mythological place of (often eternal) suffering
In religion and folklore, Hell is an afterlife location in which evil souls are subjected to punitive suffering, often torture as eternal punishment after death. Religions with a linear divine history often depict hells as eternal destinations, the biggest examples of which are Christianity and Islam, whereas religions with reincarnation usually depict a hell as an intermediary period between incarnations, as is the case in the dharmic religions. Religions typically locate hell in another dimension or under Earth's surface. Other afterlife destinations include Heaven, Paradise, Purgatory, Limbo, and the underworld.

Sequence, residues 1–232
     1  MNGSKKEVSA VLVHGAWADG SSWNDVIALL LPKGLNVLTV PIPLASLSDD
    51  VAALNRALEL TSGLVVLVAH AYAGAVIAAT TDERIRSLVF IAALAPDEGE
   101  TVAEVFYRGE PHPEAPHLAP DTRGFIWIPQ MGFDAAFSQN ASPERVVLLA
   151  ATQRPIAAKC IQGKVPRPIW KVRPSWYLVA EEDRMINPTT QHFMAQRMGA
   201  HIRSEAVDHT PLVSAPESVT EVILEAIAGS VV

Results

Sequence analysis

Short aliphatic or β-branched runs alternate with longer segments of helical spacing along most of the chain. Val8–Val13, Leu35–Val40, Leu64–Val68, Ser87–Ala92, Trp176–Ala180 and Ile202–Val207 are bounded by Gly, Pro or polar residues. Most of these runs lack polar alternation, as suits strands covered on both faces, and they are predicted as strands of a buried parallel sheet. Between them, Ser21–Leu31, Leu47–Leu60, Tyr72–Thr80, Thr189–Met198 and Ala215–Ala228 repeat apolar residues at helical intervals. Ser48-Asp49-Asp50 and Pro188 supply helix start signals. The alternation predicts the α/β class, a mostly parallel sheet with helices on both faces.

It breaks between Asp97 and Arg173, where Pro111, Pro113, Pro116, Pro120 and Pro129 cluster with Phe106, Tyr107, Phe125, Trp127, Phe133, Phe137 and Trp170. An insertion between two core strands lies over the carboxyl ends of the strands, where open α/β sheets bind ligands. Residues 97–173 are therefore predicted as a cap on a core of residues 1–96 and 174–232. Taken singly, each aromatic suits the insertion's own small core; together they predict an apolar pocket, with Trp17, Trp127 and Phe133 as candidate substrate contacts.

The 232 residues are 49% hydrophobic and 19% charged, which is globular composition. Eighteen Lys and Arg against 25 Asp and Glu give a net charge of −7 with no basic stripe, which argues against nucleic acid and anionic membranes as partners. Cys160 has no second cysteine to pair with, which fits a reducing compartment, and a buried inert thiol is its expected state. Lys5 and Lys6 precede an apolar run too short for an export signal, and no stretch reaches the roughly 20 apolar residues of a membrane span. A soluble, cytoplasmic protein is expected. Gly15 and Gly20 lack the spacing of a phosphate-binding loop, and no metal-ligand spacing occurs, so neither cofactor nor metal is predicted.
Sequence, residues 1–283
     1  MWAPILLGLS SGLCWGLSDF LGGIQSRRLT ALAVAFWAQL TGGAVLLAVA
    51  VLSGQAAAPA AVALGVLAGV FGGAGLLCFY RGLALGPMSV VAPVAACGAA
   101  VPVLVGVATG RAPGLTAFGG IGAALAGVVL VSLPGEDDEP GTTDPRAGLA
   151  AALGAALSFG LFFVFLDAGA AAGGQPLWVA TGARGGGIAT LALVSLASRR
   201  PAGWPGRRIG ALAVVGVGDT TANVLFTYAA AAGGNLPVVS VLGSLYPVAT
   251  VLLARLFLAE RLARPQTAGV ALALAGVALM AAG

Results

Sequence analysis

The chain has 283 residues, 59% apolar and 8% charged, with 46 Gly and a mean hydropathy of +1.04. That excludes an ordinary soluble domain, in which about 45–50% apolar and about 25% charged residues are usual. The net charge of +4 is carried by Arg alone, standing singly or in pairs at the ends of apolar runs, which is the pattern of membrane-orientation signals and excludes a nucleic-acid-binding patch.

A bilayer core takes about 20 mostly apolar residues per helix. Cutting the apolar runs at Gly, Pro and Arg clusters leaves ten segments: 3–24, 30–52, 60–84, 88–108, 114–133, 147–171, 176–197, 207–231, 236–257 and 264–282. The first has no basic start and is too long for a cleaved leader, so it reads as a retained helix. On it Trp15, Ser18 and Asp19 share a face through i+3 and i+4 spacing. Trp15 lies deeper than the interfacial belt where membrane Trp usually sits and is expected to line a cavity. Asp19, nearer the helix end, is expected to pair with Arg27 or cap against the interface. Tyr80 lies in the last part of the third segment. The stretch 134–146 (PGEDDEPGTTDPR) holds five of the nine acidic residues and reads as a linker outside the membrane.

Other religions, which do not conceive of the afterlife as a place of punishment or reward, merely describe an abode of the dead, the grave, a neutral place that is located under the surface of Earth (for example, see Kur, Hades, and Sheol). Such places are sometimes equated with the English word hell, though a more correct translation would be "underworld" or "world of the dead". The ancient Mesopotamian, Greek, Roman, and Finnic religions include entrances to the underworld from the land of the living.
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